Guest choreographer Amanda Turner’s Untethering, with beautiful music by Adam Hurst and costumes again by, lets dancer Elizabeth Jeffrey dance freely and emotionally. The work combines very controlled moments with wafting, floating turns, which Jeffrey executes beautifully. The audience becomes entrapped in both the dancing and the music.

Benjamin Briones Ballet

Dancer from Benjamin Briones Ballet. Photo by Rachel Neville.

Briones’ Lights On is a company favorite, which has been performed many times with many different casts. Tonight, Verduzco and her partner Felipe Escalante dance the duet in a most passionate way. Verduzco, a long-limbed, tall, expressive dancer is hard not to watch, but she is matched well with her partner, and together they ooze with chemistry.

Lights On seems to be a piece in the Benjamin Briones Ballet repertoire that showcases the company’s interest in storytelling. A good portion of the work is first performed in silence, as the disagreeing couple use mainly gestures, and back-and-forth pushes and shoves, to convey their story, although it does make sure to use the space well. Even once the Everlast music and dancing begin with aggressive partnering and traveling lifts, we still appreciate those moments between the choreography when Verduzco and Escalante are “real”, telling their story. The audience cares about them, wants them to be okay. But by the end, after several attempts at making up, only to fight again, we’re not sure if they ever will be okay.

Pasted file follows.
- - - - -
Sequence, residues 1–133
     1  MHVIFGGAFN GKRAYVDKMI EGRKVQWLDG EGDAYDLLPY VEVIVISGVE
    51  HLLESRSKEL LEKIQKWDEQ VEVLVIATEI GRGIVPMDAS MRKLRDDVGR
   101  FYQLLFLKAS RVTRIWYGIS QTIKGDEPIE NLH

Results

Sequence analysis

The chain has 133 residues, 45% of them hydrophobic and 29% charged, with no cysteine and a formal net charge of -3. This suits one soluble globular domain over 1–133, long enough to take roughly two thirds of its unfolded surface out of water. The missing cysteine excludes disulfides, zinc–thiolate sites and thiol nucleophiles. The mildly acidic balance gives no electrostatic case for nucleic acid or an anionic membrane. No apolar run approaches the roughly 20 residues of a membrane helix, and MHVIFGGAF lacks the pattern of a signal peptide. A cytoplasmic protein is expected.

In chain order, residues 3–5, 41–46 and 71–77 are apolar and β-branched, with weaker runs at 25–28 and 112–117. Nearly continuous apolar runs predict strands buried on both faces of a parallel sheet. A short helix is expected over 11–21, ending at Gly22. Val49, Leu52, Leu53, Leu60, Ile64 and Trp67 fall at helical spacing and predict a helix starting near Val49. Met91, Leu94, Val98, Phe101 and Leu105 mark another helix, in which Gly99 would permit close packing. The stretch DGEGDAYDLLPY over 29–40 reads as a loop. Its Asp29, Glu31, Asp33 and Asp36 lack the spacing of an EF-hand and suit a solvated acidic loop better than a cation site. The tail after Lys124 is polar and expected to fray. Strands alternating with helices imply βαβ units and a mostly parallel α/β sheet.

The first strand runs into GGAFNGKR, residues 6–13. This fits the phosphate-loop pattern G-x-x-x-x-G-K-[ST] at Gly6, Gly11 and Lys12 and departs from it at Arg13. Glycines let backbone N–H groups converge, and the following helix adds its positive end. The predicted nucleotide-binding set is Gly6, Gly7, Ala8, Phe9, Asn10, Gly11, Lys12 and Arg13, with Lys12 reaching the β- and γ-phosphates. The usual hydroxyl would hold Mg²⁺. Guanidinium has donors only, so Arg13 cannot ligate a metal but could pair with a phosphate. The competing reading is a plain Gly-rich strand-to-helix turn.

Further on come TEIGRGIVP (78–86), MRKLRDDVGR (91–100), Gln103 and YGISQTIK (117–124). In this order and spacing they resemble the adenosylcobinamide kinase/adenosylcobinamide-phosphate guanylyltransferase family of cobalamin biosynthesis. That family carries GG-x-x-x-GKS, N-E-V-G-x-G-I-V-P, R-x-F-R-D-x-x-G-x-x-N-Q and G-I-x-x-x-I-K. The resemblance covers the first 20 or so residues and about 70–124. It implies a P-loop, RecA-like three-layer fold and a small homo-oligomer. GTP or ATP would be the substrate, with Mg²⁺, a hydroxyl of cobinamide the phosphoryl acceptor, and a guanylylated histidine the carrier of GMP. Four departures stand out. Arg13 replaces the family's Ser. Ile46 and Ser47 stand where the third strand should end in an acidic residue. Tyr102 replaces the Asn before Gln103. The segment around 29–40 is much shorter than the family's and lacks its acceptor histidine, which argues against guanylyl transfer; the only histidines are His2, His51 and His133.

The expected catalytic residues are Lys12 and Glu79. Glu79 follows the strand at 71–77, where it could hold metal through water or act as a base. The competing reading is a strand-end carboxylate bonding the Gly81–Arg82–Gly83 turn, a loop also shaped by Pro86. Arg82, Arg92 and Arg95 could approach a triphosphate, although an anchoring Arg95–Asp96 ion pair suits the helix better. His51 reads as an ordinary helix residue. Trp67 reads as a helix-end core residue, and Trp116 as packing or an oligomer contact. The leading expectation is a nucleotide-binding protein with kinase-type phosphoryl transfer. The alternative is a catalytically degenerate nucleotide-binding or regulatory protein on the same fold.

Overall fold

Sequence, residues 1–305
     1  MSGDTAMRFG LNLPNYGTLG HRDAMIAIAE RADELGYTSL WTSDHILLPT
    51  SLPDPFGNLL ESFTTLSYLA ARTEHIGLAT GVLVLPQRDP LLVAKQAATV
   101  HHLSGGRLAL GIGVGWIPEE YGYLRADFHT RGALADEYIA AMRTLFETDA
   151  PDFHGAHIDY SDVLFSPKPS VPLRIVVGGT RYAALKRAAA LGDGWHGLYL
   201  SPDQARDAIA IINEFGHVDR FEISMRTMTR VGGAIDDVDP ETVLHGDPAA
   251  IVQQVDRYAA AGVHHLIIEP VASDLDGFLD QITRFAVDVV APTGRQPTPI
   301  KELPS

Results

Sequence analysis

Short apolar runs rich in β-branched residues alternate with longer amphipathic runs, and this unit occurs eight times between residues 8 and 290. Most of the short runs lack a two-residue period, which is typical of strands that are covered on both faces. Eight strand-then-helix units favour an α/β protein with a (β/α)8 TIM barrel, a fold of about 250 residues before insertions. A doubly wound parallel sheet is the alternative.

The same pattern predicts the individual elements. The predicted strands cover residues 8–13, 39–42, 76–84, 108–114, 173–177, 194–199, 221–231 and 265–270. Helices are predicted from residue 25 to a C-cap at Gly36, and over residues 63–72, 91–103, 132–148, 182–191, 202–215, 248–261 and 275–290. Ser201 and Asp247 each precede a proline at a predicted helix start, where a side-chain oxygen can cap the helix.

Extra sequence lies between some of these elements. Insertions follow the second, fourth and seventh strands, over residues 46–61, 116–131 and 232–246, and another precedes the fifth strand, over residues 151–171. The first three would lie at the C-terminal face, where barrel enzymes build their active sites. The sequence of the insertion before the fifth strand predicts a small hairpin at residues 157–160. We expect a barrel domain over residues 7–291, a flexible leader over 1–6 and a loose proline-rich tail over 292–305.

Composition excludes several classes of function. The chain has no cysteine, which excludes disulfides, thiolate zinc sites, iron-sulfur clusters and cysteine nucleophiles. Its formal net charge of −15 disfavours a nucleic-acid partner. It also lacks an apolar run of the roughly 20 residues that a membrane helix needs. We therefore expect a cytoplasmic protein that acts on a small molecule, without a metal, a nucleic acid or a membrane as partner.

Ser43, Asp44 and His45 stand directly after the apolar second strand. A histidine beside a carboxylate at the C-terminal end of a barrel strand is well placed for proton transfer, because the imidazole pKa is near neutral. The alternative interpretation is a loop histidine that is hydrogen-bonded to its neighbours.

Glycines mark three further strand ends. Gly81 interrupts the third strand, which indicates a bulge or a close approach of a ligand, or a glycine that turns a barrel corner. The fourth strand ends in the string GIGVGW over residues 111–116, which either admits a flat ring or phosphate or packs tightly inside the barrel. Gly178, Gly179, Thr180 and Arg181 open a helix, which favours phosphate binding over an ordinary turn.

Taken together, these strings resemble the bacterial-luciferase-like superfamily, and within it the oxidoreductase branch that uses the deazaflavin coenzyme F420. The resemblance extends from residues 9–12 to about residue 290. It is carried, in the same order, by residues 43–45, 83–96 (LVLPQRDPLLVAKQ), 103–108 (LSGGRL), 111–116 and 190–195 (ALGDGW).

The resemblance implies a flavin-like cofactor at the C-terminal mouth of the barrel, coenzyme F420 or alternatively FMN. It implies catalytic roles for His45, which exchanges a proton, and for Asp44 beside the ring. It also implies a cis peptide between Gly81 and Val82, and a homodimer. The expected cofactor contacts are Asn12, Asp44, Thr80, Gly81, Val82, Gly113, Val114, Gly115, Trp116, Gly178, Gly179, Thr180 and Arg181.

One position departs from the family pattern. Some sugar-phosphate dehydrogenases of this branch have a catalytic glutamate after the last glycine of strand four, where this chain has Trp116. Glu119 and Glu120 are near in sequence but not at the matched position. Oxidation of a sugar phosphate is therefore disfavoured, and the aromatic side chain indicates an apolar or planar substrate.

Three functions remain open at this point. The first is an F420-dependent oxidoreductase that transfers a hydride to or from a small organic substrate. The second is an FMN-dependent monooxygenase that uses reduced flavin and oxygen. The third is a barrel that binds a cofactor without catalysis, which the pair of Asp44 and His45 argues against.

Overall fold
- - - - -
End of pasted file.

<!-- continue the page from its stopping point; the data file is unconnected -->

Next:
Verduzco’s Bleeding Love, again with music by Vivaldi, opens in a most stunning, visual way: black-clad dancers line the back wall, their backs to us and their arms wrapped around themselves. Now, and throughout the entire piece, we notice hands. Hands seem to be of great interest to Verduzco as a choreographer, as they’re able to express a story through gestures, yet they’re still a physical body part, able to hold things or people, push one’s self off the floor or assist with partnering work. Dancer Shannon Maynor, the only one dressed in red among the group, gives a standout performance. Another tall, beautiful dancer, Maynor is capable of moving between lyrical moments and also strong motions with ease and control. Her character is “mad”, interacting with other women as if they’re figments of her imagination, or perhaps parts of herself that she is trying to subdue. In the end, it appears Maynor’s character is able to regain control of herself, as the black figures fade off stage one by one.